Almost 1,000 pupils have been caught in schools with weapons including items such as guns, axes and a meat cleaver in the last three years.
The latest statistics show that 981 children have had weapons confiscated on school premises since 2011 including at least 80 children of primary school age. Some 36 pupils were found with an assortment of guns, including two hand guns, seven air-powered weapons and 27 BB guns. Of those found with weapons, 329 caught with such items were subsequently charged with a criminal offence.
One 18-year-old, who is currently taking part in a young offending team course said:
“I carried a weapon … but only because of the environment I was in.
“My generation is a bit wild … so it’s a normal thing to carry a weapon because you know everyone else is. It’s making it fair, basically.”
Campaigners warned the scale of the problem is likely to be much worse, as nearly half of the UK’s 52 police forces did not supply figures requested under the Freedom of Information Act. Data from West Midlands Police was not included as it also accounted for colleges and universities. The figures raise questions about whether schools and the Government have failed to tackle the problem.
Jayne Walmsley, whose son Luke was murdered in 2004 at the age of 14 at a Lincolnshire school said:
“Something is happening to the society we live in.
“We need to think and educate these kids. It’s got to stop. We’ve got to do something about it.
“Sometimes it’s a bit like banging your head on a brick wall.
“Schools won’t admit to the problem because all they want is more pupils for more money.”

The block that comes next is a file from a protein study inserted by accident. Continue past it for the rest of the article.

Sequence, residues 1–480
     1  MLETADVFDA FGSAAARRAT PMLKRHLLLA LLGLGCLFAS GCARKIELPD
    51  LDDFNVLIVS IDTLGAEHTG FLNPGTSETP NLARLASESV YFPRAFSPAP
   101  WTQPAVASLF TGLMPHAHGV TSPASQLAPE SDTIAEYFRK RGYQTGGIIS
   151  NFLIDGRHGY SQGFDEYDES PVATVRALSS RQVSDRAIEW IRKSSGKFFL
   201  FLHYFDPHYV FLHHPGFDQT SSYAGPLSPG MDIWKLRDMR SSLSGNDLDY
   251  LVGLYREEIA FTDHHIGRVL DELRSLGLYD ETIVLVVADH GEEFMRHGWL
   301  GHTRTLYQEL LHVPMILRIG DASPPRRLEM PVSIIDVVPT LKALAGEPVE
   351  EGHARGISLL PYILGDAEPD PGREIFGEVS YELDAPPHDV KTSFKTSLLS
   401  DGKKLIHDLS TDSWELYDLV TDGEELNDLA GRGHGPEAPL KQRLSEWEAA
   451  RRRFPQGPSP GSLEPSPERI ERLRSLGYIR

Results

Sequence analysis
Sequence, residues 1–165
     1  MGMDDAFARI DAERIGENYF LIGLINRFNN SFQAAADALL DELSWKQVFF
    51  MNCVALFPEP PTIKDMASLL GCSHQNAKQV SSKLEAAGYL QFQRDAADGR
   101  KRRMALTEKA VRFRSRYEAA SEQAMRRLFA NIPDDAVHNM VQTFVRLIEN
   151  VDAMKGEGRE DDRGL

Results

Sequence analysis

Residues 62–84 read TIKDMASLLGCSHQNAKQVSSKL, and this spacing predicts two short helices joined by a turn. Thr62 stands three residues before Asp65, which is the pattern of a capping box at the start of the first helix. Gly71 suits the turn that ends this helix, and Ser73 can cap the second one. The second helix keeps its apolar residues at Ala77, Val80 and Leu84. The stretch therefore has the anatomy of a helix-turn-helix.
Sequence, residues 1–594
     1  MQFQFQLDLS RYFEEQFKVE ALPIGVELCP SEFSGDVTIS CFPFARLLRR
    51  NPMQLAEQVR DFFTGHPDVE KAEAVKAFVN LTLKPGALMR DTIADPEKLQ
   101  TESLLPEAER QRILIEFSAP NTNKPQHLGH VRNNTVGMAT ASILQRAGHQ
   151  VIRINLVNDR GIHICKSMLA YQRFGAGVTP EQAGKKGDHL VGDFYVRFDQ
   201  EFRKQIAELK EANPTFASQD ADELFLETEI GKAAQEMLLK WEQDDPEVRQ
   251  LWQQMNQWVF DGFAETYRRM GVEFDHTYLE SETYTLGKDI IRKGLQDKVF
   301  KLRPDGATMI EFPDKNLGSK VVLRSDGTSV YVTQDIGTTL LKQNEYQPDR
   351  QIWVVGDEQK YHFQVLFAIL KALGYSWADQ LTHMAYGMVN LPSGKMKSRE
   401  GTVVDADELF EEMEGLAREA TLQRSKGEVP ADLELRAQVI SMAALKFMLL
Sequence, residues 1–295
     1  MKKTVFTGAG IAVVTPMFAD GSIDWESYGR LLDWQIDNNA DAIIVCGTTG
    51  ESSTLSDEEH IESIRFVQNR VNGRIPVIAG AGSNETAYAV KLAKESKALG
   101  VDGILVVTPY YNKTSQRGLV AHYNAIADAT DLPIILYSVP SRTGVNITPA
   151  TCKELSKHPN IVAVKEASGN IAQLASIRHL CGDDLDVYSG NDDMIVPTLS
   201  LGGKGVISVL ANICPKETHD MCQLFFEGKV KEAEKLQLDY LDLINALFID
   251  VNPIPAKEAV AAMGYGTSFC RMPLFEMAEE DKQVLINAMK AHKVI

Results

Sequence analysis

The Government said it had given teachers increased powers to take action should they suspect a pupil has brought a prohibited weapon into school. A spokesman for the Department for Education said:
“Teachers can now search pupils without consent, confiscate prohibited items and use force to remove disruptive pupils from the classroom when necessary.
“We’ve also given heads the final say on expulsions by removing the right of appeal panels to put pupils back in the classroom.”
However, Chris Douglas, a youth worker who engages with young people caught up in crime, warned the use of weapons is a massively increasing problem.
“We’re not hearing about stabbings because they’re becoming more common.”
In 2013, a study by University College London and charity Kids Company found half the young people working with the organisation had seen someone shot or stabbed in their community in the past 12 months. In 2009 the Government announced new measures to attempt to tackle the problem of weapons in schools after a number of attacks against children.
There were plans to introduce metal detectors as part of a violent crime action plan. However, such plans never came to fruition and many are concerned the issue has disappeared from the public domain leaving young people increasingly vulnerable.